New York – NYC commercial property sales hit a near-record $562B in 2018, keeping New York City at #1 in Cushman & Wakefields global capital market report of the top 50 cities for commercial real estate investment. And the outlook for the remainder of 2019 looks even more promising, with most pundits declaring that the bear market of the past few years is officially behind us.
Though the numbers look a lot like record-setting 2007, the marketplace itself couldn’t be more different. In the past decade, Amazon and WeWork have played an outsized role in redefining NYC’s commercial landscape. Amazon has hit traditional brick and mortar stores particularly hard, while WeWork has snatched up the majority commercial office space, reflecting our major shift toward a start-up and freelance gig economy. Big box retailers and fashion brands that haven’t kept up with the times are being forced to reinvent themselves, downsize or close completely. On the flip side, technology, restaurants, supermarkets and clever concept stores are soaring.
The question isn’t whether to invest in the world’s #1 global real estate market, it’s how to best capitalize on it. Here are the top trends that first-timers and long-time investors alike should consider when looking to buy or lease their next commercial property in NYC:
- More Business Looking to Rent Instead of Own
There are currently more leases being signed than purchases in the NYC commercial market. For investors, it would make more sense to prepare your property for tenants rather than trying to flip it. In fact, many building owners are preparing their own flexible WeWork style arrangements to give the co-working giant a run for its money. It will be interesting to see how successful these become.
- Increased Concessions on Older Buildings
As mega-projects like Hudson Yards and One Vanderbilt come to market with over-the-top amenities and ultra-modern enhancements, landlords of older buildings are under pressure to keep up. This has translated into larger rent concessions and tenant allowances to remain competitive.
- Opportunities Abound in Emerging Submarkets
Though Amazon abandoned its plan for HQ2 in Long Island City, the allure of NYC submarkets throughout Brooklyn, Queens and Bronx are very much on the rise. While Manhattan remains the most popular for investment, an increasing number of developers are drawn to the lower rents, convenient transit and easy walkability of up-and-coming neighborhoods in Northwest Queens, Downtown Brooklyn and South Bronx.
- New Tax Law Expected to Benefit Low-Income Neighborhoods
While the overall effect of the new tax law has not been fully realized, one program in particular has investors optimistic. The Opportunity Zones program offers tax benefits to investors in designated low-income communities ripe for redevelopment. Most pundits agree this will have a positive effect on the market.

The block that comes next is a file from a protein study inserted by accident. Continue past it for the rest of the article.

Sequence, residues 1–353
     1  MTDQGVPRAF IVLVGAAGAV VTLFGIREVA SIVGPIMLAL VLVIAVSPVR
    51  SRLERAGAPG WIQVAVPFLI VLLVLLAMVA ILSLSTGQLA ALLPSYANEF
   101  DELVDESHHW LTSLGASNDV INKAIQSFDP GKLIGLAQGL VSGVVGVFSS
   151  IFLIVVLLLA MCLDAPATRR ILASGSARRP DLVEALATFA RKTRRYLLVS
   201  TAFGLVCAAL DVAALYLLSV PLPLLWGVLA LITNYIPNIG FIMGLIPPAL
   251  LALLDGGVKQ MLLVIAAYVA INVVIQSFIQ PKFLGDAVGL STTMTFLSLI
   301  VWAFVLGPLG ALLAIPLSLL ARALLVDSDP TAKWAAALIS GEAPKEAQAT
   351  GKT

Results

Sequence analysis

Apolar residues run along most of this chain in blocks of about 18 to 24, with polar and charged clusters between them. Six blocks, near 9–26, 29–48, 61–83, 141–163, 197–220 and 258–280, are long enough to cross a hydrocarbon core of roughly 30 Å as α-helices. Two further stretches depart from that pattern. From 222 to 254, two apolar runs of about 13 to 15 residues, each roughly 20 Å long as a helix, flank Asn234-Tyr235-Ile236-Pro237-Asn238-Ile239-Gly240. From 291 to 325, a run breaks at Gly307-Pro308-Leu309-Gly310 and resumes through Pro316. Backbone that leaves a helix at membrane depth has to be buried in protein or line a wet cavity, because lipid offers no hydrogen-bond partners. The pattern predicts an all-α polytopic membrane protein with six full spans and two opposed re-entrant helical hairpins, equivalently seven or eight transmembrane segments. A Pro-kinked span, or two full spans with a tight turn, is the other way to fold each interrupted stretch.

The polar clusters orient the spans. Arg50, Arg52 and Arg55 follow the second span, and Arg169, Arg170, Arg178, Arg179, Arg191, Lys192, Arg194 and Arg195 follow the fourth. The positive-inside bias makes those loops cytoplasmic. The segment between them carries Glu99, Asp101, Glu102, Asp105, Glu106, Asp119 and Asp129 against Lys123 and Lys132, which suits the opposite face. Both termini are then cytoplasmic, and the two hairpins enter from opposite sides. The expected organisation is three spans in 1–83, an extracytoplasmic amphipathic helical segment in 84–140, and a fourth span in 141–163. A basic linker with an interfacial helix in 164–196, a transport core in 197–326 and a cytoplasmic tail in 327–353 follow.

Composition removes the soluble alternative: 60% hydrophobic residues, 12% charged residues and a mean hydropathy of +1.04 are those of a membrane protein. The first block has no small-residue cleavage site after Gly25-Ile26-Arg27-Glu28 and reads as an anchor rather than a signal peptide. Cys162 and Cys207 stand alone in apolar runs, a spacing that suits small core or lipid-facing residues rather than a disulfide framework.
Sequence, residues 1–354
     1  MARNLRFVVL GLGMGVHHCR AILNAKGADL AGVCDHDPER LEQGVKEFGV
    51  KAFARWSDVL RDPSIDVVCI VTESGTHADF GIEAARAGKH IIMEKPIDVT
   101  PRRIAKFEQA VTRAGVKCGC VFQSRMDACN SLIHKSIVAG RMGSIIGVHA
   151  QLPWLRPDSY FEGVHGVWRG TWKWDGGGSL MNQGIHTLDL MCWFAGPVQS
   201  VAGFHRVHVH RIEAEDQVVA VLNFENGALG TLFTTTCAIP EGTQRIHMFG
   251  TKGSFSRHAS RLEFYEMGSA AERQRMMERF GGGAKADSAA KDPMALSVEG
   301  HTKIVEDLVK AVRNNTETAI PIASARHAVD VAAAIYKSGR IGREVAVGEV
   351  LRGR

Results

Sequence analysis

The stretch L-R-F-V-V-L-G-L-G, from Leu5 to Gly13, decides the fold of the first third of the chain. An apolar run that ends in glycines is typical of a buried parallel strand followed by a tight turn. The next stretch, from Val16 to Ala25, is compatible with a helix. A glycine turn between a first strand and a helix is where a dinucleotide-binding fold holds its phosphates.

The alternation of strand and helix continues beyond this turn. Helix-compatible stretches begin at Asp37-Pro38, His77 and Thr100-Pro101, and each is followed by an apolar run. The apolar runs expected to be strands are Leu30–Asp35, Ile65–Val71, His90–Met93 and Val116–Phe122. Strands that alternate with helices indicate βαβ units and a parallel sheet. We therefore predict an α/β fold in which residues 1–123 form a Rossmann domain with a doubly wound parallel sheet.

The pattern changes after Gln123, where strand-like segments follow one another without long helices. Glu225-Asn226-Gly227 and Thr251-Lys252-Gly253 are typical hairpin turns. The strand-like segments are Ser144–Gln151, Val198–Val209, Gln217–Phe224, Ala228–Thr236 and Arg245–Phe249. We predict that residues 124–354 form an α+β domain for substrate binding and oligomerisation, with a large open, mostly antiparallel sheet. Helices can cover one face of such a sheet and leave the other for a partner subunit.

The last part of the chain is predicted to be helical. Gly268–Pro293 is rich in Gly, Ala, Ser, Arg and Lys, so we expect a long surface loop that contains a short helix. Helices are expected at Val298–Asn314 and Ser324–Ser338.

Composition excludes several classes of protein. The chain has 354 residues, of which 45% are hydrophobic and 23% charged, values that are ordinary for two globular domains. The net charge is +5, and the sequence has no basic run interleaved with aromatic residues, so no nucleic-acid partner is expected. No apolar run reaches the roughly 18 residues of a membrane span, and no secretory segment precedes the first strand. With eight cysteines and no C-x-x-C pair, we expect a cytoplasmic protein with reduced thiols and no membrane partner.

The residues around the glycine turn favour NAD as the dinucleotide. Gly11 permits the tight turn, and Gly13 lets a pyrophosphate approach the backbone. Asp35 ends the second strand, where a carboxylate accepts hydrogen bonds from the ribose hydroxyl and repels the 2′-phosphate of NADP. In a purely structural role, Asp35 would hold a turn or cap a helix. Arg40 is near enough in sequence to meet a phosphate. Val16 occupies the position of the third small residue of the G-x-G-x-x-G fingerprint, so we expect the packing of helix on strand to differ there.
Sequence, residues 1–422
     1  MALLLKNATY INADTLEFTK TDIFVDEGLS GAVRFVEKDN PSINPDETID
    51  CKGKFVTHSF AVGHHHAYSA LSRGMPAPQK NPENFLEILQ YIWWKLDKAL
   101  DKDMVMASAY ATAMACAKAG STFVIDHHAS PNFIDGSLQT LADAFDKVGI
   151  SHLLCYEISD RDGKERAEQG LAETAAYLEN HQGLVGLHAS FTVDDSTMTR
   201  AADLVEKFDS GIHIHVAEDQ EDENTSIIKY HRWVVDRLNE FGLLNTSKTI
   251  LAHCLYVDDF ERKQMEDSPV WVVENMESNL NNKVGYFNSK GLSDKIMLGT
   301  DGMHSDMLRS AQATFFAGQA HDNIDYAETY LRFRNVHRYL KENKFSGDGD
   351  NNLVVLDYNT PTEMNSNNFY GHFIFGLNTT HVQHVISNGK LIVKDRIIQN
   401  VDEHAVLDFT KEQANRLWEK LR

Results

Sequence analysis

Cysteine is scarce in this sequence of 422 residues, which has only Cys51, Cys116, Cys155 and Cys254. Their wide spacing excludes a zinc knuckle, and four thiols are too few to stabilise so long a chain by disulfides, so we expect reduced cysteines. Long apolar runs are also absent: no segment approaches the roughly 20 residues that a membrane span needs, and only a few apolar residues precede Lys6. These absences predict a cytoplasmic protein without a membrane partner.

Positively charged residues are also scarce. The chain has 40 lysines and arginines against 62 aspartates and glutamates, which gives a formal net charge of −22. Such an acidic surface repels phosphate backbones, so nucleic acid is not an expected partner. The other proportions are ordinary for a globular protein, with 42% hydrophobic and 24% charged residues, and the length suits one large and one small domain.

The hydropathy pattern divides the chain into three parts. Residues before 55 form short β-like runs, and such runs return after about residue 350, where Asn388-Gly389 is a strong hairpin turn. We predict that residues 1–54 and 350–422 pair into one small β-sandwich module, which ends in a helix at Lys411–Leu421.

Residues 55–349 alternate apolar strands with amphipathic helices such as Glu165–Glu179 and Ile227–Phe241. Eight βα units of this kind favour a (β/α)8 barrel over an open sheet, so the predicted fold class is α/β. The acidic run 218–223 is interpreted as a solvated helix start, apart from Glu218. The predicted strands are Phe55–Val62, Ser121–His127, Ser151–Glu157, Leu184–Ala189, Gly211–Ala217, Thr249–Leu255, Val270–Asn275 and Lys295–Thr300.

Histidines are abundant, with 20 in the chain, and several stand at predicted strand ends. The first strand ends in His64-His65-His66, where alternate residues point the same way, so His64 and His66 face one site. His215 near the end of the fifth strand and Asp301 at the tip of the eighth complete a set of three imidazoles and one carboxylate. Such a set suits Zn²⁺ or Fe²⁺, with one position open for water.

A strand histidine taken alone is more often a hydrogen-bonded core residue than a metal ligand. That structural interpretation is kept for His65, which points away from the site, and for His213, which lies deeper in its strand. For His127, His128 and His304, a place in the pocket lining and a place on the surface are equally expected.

- Steady Interest Rates Point to a Robust Market
When interest rates began to rise in 2019, many investors remained wary of the year ahead. But this concern was short lived. Instead, the Fed announced last month that they will hold rates steady and indicated no more hikes would be coming this year. Investors breathed a collective sigh of relief as all signs now point to a robust rest of the year.
- Unique Concept Stores are Hot
The big story in commercial real estate has been the rise of WeWork and other co-working outfits, along with the decline of traditional brick-and-mortar stores. The recent closings of Tommy Hilfiger, Payless, Gap, Victoria Secret and JC Penny speak loud and clear of the need to reinvent or face extinction. Many big box retailers and established older brands are finding ways to create “experiences” in their stores that will keep them relevant. The opportunity for clever concept stores has never been greater. From unique fitness experiences to chromotherapy spas to a pencil paradise store to a hot sauce tasting boutique, New York retail is creating new “must see” locales for more targeted audiences. Another emerging strategy is to offer ways to pick up or return e-commerce purchases onsite in the hope that they make additional in-store purchases while there.
- Big Tech & Supermarkets Are Thriving
The big winners in the changing commercial landscape have been technology companies and supermarkets, as well as restaurants. Google’s $2.4B purchase of the Chelsea Market building and Amazon now setting its sights on Manhattan’s Brookfield Place are indicative of a major move by tech companies to establish a footprint in New York City. Brand like Spotify and Peloton are also planning to raise their profile here. Supermarkets are also experiencing steady growth, as New York City doesn’t appear to be as impacted by the popular warehouse clubs and mass merchandisers that have been disruptive elsewhere. Buoyed by the strong economy, restaurants are also experiencing good times.
New York City remains the #1 global investment capital in the world. Yet, the changing face of the marketplace is something all investors should be mindful of when choosing where to invest.
For more information on NYC commercial real estate services, contact Batra Group at (646) 202-1877.